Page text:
Starland County is looking at some of its water bodies and how to make them healthier.
Manager of Municipal Services Glen Riep was joined by Dominique Primeau and Craig Copeland of Alberta Environment and Parks at the November 10 Starland County council meeting to discuss the state of the fish habitat in the McLaren and Michichi Dams.
Water quality testing was done in both habitats to determine the viability of trout in the reservoirs. He says there is not a single solution to better the health of the
water bodies to support the fish stocks. He also notes it seems there is lots of food in the water, that maybe prevents fish from biting. There is also fish wintering over in the Michichi, but there are areas that could improve the habitat.
“There are some things we can look into in as far as establishing a better habitat for the fish in there, but also there are some major things that would have to go into that, so it is something we are investigating,” Reip tells the Mail.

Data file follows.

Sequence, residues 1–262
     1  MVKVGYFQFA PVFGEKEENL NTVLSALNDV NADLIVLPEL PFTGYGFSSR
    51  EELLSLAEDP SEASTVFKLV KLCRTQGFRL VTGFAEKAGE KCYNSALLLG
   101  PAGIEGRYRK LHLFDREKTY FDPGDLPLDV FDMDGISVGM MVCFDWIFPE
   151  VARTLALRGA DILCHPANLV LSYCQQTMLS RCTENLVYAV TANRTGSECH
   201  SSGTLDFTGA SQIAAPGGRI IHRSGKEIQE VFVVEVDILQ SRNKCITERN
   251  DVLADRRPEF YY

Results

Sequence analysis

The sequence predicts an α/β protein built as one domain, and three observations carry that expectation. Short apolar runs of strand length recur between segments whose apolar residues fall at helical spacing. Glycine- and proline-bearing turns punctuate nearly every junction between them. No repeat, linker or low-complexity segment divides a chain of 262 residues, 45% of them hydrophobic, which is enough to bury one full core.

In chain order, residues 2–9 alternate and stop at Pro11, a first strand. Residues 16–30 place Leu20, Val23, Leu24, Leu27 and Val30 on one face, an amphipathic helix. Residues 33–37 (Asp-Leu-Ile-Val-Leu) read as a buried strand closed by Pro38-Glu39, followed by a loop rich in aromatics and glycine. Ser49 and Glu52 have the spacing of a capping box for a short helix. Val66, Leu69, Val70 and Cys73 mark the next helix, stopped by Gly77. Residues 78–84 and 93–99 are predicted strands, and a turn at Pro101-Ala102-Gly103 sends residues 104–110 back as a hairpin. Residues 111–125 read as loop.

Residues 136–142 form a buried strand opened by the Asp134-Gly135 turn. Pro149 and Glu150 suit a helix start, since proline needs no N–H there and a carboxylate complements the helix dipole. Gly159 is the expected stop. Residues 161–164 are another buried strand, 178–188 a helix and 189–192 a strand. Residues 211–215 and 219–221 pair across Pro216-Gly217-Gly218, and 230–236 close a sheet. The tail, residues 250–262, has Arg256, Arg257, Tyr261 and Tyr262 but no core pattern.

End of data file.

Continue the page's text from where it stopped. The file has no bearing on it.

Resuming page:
They have identified issues such as water quality as well as bird predation not allowing the fish stocks to take hold.
He says Alberta Environment is proposing a couple of ideas that could help, including double stocking the water bodies, or possibly stocking with bigger fish.
‘We have issues with predators affecting the fish populations as well, so we are looking at a larger fish which they can’t prey on, so there are different things we are looking at doing,” he said. ‘That was part of the assessment of the waterbodies, to figure out if it is water quality, if is the habitat itself, if there are any influences from the agriculture that could cause a change in the water quality. So they did a fairly in-depth kind of study. It will help them as well as the county if we want to incorporate some initiatives.
There are some ways to protect water bodies from the influence of agriculture.
“The nitrates that come off agricultural land, you can’t stop all of it. That is one of the things we are looking at is the vegetation and maybe some setbacks with just grass as a buffer zone that acts as a natural filter,” he said.
“We are also looking for funding too,” said Reip. “Budgets are being cut everywhere, so finding money is not as easy as it was 10 years ago, but we certainly want to do what we can.”